It’s easier said than done. Here’s the nub of the problem:
Greek banks, which have been closed all week and rationing withdrawals from cash machines, are expected to run out of money within days unless the European Central Bank provides an emergency lifeline. Finance Minister Yanis Varoufakis is due to meet top Greek bankers later on Sunday and State Minister Nikos Pappas, one of Prime Minister Alexis Tsipras’s closest aides, said it was “absolutely necessary” to restore liquidity to the banking system now that the vote is over.
However the European Central Bank, which holds a conference call on Monday morning, may be reluctant to increase emergency lending to Greek banks after voters rejected the spending cuts and economic reforms which creditors consider essential to make Greek public finances viable, central bankers said.
If Tsipras wants to win this game of chicken he’d better be prepared to fully exit the Euro, for the simple reason that as long as Greeks need Euros to conduct business and transactions of all kinds, the European Central Bank can run his little rebellion into the ground.
This article sheds a little light on the difficulty:
Countries switching currencies must grapple with two major questions: how to introduce new notes and coins, and what to do with bank accounts, debts, and financial instruments denominated in the old currency.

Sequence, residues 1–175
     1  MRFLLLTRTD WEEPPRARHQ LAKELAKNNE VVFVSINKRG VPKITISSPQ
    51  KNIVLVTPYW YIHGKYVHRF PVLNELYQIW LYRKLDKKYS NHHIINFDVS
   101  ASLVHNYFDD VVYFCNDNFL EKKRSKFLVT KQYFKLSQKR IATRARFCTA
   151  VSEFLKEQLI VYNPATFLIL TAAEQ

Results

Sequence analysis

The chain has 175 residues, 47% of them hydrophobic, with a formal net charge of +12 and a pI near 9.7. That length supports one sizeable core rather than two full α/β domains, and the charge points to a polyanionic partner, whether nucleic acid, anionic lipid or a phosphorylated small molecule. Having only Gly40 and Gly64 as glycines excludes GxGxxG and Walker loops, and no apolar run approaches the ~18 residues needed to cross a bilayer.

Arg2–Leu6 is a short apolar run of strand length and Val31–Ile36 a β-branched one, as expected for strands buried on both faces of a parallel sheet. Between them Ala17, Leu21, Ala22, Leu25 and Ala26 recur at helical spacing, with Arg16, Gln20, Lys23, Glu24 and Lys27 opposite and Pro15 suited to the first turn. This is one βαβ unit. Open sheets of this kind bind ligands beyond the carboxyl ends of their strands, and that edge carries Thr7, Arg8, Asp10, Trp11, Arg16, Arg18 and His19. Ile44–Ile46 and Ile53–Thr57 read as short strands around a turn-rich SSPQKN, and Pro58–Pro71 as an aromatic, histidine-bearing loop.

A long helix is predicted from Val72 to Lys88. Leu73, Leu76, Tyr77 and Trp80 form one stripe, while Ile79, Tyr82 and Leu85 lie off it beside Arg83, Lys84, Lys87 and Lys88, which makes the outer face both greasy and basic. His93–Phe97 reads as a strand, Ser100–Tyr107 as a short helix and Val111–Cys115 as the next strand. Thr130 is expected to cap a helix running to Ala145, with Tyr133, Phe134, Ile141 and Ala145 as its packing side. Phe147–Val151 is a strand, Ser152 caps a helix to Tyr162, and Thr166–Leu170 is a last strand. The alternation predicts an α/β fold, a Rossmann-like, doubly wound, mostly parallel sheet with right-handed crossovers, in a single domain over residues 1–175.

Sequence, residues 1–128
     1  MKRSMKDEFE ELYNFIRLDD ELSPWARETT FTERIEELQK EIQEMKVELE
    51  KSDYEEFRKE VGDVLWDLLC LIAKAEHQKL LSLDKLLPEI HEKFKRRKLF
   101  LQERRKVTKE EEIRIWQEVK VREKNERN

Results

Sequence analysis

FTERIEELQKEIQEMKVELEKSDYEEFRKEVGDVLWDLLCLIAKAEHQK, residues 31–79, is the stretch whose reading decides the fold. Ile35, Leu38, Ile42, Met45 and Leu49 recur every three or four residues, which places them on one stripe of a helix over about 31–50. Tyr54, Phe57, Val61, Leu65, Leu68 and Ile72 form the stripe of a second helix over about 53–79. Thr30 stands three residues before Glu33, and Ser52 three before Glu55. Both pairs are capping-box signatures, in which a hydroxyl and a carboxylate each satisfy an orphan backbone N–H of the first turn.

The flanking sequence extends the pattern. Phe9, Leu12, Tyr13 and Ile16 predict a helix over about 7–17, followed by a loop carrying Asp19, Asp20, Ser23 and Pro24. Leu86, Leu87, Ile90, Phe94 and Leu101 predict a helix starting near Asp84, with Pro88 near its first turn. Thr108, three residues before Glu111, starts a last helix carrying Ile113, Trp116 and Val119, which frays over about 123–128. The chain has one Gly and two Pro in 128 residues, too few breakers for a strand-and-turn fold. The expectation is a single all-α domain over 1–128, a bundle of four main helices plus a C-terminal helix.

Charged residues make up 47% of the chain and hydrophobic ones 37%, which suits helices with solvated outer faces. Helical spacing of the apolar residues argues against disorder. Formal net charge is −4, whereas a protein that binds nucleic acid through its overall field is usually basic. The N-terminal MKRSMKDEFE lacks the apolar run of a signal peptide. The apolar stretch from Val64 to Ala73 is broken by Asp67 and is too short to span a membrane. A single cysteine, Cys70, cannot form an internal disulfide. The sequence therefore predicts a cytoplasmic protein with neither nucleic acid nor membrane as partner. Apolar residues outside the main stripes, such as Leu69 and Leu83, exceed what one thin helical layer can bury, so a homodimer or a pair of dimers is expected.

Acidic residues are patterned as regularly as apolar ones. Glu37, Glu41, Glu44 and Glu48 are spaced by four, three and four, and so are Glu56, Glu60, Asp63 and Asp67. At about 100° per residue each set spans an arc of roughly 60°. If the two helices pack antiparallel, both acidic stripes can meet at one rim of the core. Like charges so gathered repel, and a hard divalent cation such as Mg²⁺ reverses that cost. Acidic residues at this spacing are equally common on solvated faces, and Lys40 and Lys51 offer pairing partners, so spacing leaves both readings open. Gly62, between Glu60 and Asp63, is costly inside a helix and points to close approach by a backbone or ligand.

Of course, Bloomberg is an arm of the cognoscenti and is hardly rooting for a successful Grexit, but that doesn’t mean they’re wrong about everything.
One possible solution is to realize just how much the sovereign power can do in this situation as long as it follows natural law. Assuming the Greek government has some quantity of gold or silver**, it could certainly re-institute a gold or silver based drachma at whatever exchange rate made sense given their ability to redeem their notes.
To give you an idea of how this might go, remember that on these pages we suggested that if the US returned to a gold standard the dollar price of an ounce of gold would have to be pegged somewhere north of $30,000 – at least at first. And there’s no real reason to be afraid of that: people need to conduct business, buy and sell food clothing and shelter a lot more than they need to get their hands on gold or silver.
The problem – well, one problem anyway – is I suspect that neither Tsipras nor anyone else in a position of authority in the Greek government has a clue about any of this. Which means if the German dominated ECB wants to turn the screws they can and the Greek people will suffer.
In any case, it’s a fascinating development.
* For those of you who are inexplicably puzzled by this title:
** Of course, when Cyprus went down this road a little ways about 2 years ago, the “troika” confiscated all their precious metals, probably for the very reason that it could provide a viable way out.